The algorithm is based on specific biomarkers associated with HPV, and "the equation" also includes epidemiological and other data, medical history and the habits of each woman. For example, when her sexual contacts began, how many sexual partners she had, whether she is a smoker. The overall system includes 12 different parameters. Analyses are carried out after taking only one sample from the cervix. The procedure is painless, similar to that of the PAP test. The algorithm is complemented by colposcopy, HPV DNA test, viral load test, mRNA test, which detects specific viral proteins and others. So far, the system has been applied to about 8,000 women in various health centres in Greece, who had very good results from the PAP test.
The scoring system can forecast with high precision the group of women with a high risk of developing cervical cancer. "We are able to diagnose with almost absolute precision the degree of damage and the probabilities for its development, completely excluding the false negative results of conventional cytology. The system is effective even in women who have already undergone treatment for lesions of the cervix. "Every 10 out of 100 women who undergo a cone cervical amputation will need re-treatment at some point in their lives. This means that they should be subjected to tests until the end of their lives. The scoring system can be applied in this case: After applying it just once six months after the operation, we can identify those women at a high risk of relapse and separate them from the rest, who will simply undergo the tests other women undergo."

Doctors believe that the cost of the test will be about 150 euro and they urge health authorities to realize the long-term benefits from the implementation of the system. "In fact, we are talking about a way of screening that shows with absolute precision which women actually need to be monitored continuously or subjected to treatments and which – do not need that. Imagine how useful it would be for the women themselves and for the public finances as well," the teacher at the School of Medicine of the Aristotle University of Thessaloniki, Loufopoulos said.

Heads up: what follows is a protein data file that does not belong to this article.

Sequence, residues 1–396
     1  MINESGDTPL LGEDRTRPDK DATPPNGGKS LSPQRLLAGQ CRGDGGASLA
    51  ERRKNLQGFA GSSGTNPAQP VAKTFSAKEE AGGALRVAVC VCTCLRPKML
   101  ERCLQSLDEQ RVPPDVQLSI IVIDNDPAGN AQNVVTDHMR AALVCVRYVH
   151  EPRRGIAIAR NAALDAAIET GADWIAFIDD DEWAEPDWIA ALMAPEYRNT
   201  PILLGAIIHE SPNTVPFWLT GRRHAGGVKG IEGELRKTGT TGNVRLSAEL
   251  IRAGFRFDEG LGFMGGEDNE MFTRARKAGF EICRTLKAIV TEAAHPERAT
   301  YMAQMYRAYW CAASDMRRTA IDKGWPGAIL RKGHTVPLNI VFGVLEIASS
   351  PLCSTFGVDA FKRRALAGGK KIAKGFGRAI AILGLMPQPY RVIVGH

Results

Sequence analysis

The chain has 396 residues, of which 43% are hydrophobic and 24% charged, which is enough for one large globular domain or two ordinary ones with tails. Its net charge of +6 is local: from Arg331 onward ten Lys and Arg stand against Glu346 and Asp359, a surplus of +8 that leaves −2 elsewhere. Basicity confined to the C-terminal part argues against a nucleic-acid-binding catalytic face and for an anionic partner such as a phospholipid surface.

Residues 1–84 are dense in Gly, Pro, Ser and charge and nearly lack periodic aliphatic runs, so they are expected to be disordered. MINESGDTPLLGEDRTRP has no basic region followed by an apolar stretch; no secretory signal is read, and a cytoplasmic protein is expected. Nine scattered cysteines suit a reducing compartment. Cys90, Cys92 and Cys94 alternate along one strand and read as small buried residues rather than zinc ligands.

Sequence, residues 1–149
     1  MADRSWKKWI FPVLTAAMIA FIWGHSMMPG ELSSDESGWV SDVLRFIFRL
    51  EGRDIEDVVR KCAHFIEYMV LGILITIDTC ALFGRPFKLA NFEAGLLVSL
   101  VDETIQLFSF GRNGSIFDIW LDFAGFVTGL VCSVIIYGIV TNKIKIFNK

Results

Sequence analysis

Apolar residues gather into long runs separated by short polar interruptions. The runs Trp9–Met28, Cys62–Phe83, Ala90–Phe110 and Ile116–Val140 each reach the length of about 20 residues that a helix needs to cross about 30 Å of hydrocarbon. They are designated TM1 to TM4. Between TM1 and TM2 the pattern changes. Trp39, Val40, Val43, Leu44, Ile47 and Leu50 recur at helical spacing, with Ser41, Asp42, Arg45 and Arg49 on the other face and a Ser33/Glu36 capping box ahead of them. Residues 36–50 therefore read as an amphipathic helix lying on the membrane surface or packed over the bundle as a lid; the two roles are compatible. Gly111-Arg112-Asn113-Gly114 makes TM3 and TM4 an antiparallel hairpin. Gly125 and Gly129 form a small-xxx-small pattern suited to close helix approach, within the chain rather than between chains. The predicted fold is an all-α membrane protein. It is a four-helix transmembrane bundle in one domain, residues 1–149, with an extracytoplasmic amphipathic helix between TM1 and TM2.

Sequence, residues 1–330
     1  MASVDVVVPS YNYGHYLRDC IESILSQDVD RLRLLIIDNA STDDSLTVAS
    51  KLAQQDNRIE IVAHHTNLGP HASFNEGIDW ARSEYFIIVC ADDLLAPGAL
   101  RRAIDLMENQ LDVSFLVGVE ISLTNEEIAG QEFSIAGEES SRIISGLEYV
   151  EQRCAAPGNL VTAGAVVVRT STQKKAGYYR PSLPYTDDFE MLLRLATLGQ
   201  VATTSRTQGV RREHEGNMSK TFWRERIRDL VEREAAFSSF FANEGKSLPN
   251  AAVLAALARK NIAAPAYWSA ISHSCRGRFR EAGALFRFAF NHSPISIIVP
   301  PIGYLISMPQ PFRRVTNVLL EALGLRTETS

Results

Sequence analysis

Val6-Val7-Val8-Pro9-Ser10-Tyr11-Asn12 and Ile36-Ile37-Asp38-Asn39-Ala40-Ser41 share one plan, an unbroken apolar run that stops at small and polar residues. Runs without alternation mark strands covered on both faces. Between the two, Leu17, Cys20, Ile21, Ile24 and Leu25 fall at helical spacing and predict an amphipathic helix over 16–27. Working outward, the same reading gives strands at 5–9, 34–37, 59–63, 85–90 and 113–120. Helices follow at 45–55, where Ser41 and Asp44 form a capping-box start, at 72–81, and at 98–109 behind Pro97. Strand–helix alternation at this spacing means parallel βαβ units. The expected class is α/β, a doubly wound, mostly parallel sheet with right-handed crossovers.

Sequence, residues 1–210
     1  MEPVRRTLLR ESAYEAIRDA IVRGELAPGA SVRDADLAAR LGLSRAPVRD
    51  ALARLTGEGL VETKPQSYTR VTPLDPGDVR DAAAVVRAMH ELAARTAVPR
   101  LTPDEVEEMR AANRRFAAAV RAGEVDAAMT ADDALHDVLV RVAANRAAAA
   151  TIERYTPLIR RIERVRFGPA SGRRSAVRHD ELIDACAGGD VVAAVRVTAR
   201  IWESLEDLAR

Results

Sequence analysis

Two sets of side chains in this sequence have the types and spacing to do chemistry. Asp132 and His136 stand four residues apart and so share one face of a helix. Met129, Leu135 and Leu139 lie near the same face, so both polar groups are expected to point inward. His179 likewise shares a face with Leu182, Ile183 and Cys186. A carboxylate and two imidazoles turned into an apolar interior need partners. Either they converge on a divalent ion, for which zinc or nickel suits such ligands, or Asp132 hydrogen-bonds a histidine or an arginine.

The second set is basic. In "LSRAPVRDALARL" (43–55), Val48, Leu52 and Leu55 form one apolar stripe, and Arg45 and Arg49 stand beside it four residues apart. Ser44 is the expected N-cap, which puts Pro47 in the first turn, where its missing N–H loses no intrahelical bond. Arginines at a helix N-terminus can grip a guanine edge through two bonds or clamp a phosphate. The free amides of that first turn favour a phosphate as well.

Is the vaccine against the HPV virus effective?

Scientists from various Greek and foreign universities argue that primary prevention against the HPV virus, which is achieved through vaccination, is just one of the "weapons" in the fight against this type of cancer. "In order for the vaccine to be effective, 80% of women should be vaccinated. In Greece, despite the increase, which has recently been reported, that rate does not exceed 30%. But even if we reach the minimum required, the effect of the vaccine will be apparent after about 20 years. Therefore, the secondary prevention is very important, which the scoring system guarantees," the professor at the University of Ioannina and a member of the research group, Evripidis Biliarakis, stated.

Recently, world-known centres such as Imperial College - Hammersmith Hospital in London have joined their Greek counterparts in the development of the system.

Tags: SocietyCervical cancerMedicinePreventive scoring systemGreek scientists